Types Of Legal Contracts: Everything You Need to Know
Types of legal contracts encompass any agreement between at least two individuals or businesses that creates a legal obligation to do or not do something specific, such as provide a service. 3 min read
What Is a Contract?
Types of legal contracts encompass any agreement between at least two individuals or businesses that creates a legal obligation to do or not do something specific, such as provide a service. The legal contract puts the agreement in writing and outlines the associated duties and rights of each party. All valid legal contracts must be enforced by the appropriate court.
Contracts that affect members of the public are governed by specific statutes. For example, an insurance contract guarantees that financial resources will be available to the individual who signed the contract in the event of an accident.
A contract must be created by the parties themselves, not by the court. If parties cannot agree on the terms of a contract, the contract does not exist. The law encourages competent parties to form contracts for the purpose of completing legally allowed objectives. In general, if both parties are competent, the contract is valid and thus enforceable by the court. The parties must legally abide by the agreed-upon terms even if they do not prove beneficial, provided that the contract was not signed under fraud or duress.
Almost any transaction can be covered by a contract. While different business situations require different types of contracts, all must include an offer, terms of the offer, and acceptance by both parties. Common contracts include those governing a sale, service, property ownership transfer, or a combination thereof. The parties to a contract can be individuals, corporations, partnerships, or even branches or departments of the government. A contract can be among more than two parties.
Only those parties that have signed a contract are bound by its rights and duties, with certain exceptions. In some cases, these rights or duties can be legally assigned to a third party. A life insurance contract is an example of third-party contract involvement since it includes the insured, the beneficiary of the policy, and the insurance company.
A written agreement between two or more parties is not necessarily a legally binding contract. When a contract is valid, the courts will enforce the rights and responsibilities therein.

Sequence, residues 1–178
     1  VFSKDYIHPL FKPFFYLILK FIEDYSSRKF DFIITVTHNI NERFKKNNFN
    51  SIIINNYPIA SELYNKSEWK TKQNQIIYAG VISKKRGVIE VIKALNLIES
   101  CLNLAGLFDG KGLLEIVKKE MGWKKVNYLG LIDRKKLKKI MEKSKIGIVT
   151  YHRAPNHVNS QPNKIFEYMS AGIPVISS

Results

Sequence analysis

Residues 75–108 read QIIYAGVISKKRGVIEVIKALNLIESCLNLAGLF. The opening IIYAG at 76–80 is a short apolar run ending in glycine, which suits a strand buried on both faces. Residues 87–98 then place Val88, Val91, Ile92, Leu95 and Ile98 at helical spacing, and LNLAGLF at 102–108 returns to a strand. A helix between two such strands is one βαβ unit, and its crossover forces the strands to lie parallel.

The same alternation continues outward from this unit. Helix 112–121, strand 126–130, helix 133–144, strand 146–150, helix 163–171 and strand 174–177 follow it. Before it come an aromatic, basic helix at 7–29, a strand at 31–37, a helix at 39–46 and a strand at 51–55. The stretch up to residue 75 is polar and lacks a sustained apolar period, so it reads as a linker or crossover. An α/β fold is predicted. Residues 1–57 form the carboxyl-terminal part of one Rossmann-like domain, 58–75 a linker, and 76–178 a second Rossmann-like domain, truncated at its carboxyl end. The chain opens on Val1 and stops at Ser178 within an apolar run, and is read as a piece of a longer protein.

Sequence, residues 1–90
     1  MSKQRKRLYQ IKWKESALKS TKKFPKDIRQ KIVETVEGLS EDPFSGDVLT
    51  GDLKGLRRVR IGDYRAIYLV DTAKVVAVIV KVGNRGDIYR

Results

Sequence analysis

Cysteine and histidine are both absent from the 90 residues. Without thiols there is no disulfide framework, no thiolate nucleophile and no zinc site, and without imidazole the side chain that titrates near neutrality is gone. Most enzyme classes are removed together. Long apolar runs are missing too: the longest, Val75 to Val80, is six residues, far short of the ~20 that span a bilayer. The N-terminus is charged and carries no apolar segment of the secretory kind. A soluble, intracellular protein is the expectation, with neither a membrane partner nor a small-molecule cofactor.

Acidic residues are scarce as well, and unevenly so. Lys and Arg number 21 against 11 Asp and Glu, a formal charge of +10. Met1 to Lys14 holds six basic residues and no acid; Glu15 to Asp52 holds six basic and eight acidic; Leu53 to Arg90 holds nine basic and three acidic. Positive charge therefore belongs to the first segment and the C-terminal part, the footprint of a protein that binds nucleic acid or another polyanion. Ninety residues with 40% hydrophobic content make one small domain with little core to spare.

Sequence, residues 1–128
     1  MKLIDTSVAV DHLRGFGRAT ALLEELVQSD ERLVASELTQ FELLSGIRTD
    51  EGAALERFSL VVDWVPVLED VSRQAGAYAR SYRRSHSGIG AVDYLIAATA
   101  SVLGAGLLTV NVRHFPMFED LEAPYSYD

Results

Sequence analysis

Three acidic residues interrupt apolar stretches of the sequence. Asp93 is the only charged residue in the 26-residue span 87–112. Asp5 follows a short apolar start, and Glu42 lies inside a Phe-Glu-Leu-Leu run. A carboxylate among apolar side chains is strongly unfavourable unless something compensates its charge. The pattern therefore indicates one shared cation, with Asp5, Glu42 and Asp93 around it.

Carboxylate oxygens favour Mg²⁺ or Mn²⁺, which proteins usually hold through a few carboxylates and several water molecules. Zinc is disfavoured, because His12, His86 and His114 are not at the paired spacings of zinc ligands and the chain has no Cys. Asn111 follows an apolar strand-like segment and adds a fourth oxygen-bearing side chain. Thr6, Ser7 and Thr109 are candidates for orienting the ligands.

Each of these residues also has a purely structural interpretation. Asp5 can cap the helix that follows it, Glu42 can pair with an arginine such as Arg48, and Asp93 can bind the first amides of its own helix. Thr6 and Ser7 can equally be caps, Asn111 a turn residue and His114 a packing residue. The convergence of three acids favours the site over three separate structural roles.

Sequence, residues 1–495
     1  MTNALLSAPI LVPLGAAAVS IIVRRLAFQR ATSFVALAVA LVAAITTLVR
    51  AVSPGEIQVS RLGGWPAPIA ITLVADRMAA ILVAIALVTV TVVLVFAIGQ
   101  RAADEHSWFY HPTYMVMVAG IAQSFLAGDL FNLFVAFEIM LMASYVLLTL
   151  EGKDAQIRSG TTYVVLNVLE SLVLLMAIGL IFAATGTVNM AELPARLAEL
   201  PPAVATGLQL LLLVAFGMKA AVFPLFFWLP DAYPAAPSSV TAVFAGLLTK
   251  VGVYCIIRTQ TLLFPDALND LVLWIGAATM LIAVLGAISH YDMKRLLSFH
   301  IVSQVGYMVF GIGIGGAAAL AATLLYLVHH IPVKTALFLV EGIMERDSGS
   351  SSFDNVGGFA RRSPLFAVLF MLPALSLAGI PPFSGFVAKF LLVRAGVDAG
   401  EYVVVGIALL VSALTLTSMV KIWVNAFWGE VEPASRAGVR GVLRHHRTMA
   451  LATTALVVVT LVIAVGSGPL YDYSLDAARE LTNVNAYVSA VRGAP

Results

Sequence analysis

Contracts Under Seal
At one time, a contract had to be stamped with a seal to qualify as legally enforceable. The seal was used to represent the agreement between all parties that failure to abide by the contract would result in legal consequences. Today, most jurisdictions do not require a seal for a contract to be valid. In fact, some courts even legally recognize implied contracts.
With this type of contract, the parties detail the terms in writing or orally when the contract is formed. An offer is made to and accepted by the recipient with a full understanding of its terms and conditions.
Implied contracts are those that arise from a mutual intent to promise that has not been expressed in writing or out loud. This category includes both contracts implied in fact and in law. However, contracts implied in law are more accurately described as quasi-contracts since they do not include the requirements of a true contract. Rather, they are used by the courts to rectify unfair situations.
An implied contract follows the below requirements:
- Is as legally enforceable as express contracts.
- Depends on an act of substance by the parties involved.
- Requires circumstances that indicate intent on behalf of both parties to enter a contractual agreement.
- Does not arise in conflict with either the express declaration of the parties or the law.
- Exists regardless of assent.
- Requires a reasonable deduction that intended agreement was implied by facts or actions.
- Does not exist if harm or inequity would result from its existence.
If an implied contract expires but the parties continue to operate as if it still exists, a new agreement with the same terms is implied.
Executed and Executory Contracts
If the terms of a contract have been fulfilled and no actions for either party remain, the contract is considered executed. An executed contract no longer exists. If the contract is not complete and at least one of the parties still has duties or obligations to fulfill, the contract is considered executory.
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